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Tue, 2007-Feb-06

Software Factories - Raising the Level of Abstraction

Today's take-homes:

I have been reading a book during recent business trips to Melbourne called . It is written by Jack Greenfield, Keith Short, Steve Cook, and Stuart Kent. It can be found as ISBN 0-471-20284-3. I borrowed my copy from WRSA V&V heavy, Brenton Atchison.

The main premise of the book is that we need to be developing better, more reliable, and more industrial software through reuse. It notes the failure to date of Object-Oriented approaches to reuse, and attempts to forumlate a path out of the wilderness based on domain specific languages and modelling techniques. It uses a quote from Michael Jackson:

Because we don't talk about problems, we don't analyze or classify them, and we slip into the childish belief that there can be universal development methods, suitable for solving all development problems.

In its chapter on "Dealing with Complexity" this book nails a design principle I had so far never quite expressed clearly. It talks about refinement and abstraction, implementation and requirements as part of a continuum. If you start at the top of a development with a set of requirements and end up with an implementation, the difference between these two specifications can be called an abstraction gap. If the requirements were complete and consistent, why can't they be executed? Simply because they are not code?

Consider that what we think of as code today is not what executes on our physical machines. Software Factories suggests that we should think of our code as as a specification for a compiler. The compiler automatically constructs machine code from that specification making a number of design decisions about how to optimise for space and time along the way. It also transforms our input to improve its efficiency. In other words, it is an automated way of crossing the abstraction gap between our code and the machine's code.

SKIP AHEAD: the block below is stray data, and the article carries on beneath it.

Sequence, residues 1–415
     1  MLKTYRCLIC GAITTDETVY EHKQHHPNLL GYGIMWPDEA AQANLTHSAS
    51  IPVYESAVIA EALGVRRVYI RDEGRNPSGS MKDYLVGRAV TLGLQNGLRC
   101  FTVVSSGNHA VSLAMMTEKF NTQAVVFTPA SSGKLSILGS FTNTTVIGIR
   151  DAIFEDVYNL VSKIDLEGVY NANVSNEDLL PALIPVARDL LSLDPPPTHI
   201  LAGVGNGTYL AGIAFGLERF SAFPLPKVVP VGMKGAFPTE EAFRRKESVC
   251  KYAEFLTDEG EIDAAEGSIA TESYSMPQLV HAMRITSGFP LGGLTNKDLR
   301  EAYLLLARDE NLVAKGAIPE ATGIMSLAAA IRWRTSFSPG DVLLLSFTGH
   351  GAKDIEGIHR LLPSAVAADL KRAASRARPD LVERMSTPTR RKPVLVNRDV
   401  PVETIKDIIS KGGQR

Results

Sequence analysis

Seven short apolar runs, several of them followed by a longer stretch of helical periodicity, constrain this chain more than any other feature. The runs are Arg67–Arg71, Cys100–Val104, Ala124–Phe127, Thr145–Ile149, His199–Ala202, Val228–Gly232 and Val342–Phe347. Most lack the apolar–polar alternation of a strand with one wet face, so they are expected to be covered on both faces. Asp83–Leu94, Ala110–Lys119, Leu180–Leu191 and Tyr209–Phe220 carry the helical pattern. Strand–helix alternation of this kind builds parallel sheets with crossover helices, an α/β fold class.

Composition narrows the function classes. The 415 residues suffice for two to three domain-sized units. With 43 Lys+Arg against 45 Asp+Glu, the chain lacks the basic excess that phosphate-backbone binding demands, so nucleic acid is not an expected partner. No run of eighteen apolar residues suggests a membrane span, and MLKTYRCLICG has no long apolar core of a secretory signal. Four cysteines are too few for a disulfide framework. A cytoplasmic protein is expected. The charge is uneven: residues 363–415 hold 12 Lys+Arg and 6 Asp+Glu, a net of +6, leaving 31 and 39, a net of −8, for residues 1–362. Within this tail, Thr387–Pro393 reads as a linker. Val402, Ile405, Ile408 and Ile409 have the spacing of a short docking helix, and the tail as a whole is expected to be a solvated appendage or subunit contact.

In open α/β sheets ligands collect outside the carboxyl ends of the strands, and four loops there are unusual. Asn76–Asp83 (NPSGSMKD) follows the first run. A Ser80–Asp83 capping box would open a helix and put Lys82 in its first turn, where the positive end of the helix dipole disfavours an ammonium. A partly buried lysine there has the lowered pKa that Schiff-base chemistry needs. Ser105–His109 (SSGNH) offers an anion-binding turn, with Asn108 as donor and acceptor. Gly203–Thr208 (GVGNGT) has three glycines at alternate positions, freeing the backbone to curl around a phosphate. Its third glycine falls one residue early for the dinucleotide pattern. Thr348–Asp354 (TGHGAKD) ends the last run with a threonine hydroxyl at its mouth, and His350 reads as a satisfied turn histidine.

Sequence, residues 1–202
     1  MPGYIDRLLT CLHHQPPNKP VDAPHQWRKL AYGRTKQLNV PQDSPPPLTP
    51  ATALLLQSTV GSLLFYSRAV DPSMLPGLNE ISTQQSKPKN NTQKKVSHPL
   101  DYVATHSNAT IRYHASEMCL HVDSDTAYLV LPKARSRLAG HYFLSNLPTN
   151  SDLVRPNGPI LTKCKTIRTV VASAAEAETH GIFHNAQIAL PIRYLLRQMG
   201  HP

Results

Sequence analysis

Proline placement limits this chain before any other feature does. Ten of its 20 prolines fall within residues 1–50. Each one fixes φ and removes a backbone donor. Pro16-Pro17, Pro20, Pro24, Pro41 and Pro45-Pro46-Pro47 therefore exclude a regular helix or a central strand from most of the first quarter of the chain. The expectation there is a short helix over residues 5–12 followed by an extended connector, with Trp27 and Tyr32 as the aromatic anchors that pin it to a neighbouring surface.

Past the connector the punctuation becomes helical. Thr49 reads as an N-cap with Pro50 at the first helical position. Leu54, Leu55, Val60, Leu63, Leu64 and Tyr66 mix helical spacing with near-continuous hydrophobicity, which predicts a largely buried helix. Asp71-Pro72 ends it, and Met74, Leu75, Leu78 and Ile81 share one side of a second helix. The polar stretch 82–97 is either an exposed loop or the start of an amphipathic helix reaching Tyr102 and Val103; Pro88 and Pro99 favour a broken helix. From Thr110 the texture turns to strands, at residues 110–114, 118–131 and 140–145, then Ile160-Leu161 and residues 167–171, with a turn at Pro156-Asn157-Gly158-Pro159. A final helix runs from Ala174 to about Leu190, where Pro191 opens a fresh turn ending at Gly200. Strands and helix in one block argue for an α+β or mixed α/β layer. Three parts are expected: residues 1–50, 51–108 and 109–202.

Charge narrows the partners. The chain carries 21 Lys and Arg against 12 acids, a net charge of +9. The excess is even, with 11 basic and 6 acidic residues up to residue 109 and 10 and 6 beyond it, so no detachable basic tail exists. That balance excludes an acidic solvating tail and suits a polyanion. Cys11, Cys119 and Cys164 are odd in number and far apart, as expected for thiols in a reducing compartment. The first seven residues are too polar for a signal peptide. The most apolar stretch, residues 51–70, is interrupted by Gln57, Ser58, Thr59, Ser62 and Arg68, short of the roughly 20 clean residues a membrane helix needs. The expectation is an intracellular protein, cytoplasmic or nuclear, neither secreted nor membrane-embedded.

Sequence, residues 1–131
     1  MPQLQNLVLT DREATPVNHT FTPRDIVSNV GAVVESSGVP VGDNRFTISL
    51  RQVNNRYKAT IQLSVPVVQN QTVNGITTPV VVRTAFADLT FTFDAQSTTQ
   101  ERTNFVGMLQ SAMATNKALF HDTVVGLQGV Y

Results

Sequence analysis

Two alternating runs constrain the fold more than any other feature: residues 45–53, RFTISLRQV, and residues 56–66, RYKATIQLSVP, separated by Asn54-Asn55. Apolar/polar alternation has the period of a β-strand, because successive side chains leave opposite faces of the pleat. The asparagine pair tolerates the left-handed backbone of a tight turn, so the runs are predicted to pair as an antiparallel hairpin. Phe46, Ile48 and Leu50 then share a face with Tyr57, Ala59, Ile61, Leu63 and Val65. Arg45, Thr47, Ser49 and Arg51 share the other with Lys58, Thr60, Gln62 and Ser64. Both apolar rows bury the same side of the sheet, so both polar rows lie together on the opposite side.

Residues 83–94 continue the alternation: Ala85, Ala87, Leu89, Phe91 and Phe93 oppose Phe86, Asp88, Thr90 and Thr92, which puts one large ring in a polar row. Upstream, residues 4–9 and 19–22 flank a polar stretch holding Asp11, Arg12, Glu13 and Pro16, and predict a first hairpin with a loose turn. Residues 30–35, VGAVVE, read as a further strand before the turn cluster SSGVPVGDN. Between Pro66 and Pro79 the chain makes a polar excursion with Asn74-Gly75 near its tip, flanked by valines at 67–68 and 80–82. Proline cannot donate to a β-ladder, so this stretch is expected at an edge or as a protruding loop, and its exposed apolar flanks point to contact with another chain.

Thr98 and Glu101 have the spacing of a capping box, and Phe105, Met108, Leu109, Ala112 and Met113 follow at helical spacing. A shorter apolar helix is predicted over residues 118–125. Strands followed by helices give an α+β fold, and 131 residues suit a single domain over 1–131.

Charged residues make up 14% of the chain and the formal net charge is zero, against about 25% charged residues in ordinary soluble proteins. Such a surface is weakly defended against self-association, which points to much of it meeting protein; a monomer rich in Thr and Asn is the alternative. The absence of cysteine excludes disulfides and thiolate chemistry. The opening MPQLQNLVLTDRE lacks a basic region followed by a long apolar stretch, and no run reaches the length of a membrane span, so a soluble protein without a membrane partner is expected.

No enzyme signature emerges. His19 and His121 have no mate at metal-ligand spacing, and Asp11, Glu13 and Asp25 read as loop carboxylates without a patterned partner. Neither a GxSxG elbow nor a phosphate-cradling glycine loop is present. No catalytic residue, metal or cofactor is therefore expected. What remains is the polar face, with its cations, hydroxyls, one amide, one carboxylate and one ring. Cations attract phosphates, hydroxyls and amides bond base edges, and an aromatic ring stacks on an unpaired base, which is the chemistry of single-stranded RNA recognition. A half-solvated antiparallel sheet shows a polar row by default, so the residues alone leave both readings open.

This sets out a general principle for good design, whether the design be encapsulated in a or a General Purpose Language: The purpose of design is to provide language constructs, classes, and other features that lift the level of abstraction from the basic language and library you start with to specific concepts in the requirements domain. The closer you can get to the concepts in the requirements domain, the better.

I happened to overhear a conversation between two co-workers early on in the SystematICS software development. One was trying to explain the difference between a design I had proposed and the implementation the other was trying to write. They said that when I talked about a particular concept being in the code I meant that it was a literal class, not a fuzzy concept held across several classes. It is important in any kind of design to ensure that the constructs you define map directly to concepts in the requirements specification, or enable those direct mappings to be made in other constructs.